COLUMBUS (WCMH) — For the second time this year, lawmakers at the Statehouse will hear the stories of people and their families claiming to be victims of Dr. Richard Strauss.
The speakers will be attempting to convince members of the House Criminal Justice Committee to support House Bill 249.
The bill would allow Strauss’ victims to sue The Ohio State University for what happened to them decades ago, long after the statute of limitations has passed.
Lawmakers heard from victims at the end of June at a similar hearing, and several more hearings after this one are likely to be necessary before lawmakers decide what to do about the bill.
Like all legislation, HB249 has to get through both chambers before the end of the General Assembly in December 2020. That may seem like plenty of time, but it may not be.
Lawmakers are just now getting back from their legislative summer break with the majority of committees picking up again next week.
Next year’s summer break is expected to last even longer than this year’s because it is an election year and lawmakers will be campaigning deep into the fall in order to keep their seats.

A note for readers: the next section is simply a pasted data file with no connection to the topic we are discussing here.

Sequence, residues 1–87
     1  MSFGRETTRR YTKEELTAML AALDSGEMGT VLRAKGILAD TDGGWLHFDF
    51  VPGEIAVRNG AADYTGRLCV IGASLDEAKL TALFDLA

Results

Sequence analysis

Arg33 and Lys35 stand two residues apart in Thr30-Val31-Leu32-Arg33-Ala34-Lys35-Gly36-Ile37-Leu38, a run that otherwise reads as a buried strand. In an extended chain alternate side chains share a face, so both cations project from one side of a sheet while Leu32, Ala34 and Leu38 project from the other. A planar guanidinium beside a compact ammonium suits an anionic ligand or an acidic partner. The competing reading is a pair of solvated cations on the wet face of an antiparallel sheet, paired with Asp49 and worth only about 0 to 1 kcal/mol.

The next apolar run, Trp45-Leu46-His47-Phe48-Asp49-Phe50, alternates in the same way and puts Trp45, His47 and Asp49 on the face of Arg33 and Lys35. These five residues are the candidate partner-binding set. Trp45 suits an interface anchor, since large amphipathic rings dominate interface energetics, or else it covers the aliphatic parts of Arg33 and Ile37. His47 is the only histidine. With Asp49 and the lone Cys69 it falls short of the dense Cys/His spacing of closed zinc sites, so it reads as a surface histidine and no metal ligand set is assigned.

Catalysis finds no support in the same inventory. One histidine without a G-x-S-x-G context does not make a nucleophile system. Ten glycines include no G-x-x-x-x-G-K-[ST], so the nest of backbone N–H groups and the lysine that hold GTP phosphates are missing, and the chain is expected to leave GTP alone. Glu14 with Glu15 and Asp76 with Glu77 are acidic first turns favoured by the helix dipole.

In 2018, another election year, little to no legislative action was taken to move bills until after November.
That leaves the rest of this year and next spring to get the majority of the work done on this bill, if not pass it completely.
If the bill makes it out of the House Criminal Justice Committee, it will have to pass the entire House, and if successful there, it will start again in the Senate.
The Senate prides itself on being a much more deliberative chamber and there is no companion bill currently being heard on this matter there.
This will put HB249 at square one if it gets to the Senate, and it will be at the whim of the Chairman of whatever committee it is assigned to.
Inquiries of the bill’s sponsor State Rep. Brett Hillyer were made at an earlier hearing of the bill to gauge his willingness to add the elimination of the statute of limitations for all rape cases, not just those pertaining to the incidents involving Strauss and OSU.
Gov. Mike DeWine has called for an end the statute of limitations on rape, and Democrats have introduced a bill to do so. That bill was assigned to the House Criminal Justice Committee on the same day HB249 was getting its first hearing.
This will be the third hearing in total for HB249.
The Democrats’ bill — HB279 — has yet to be given a hearing.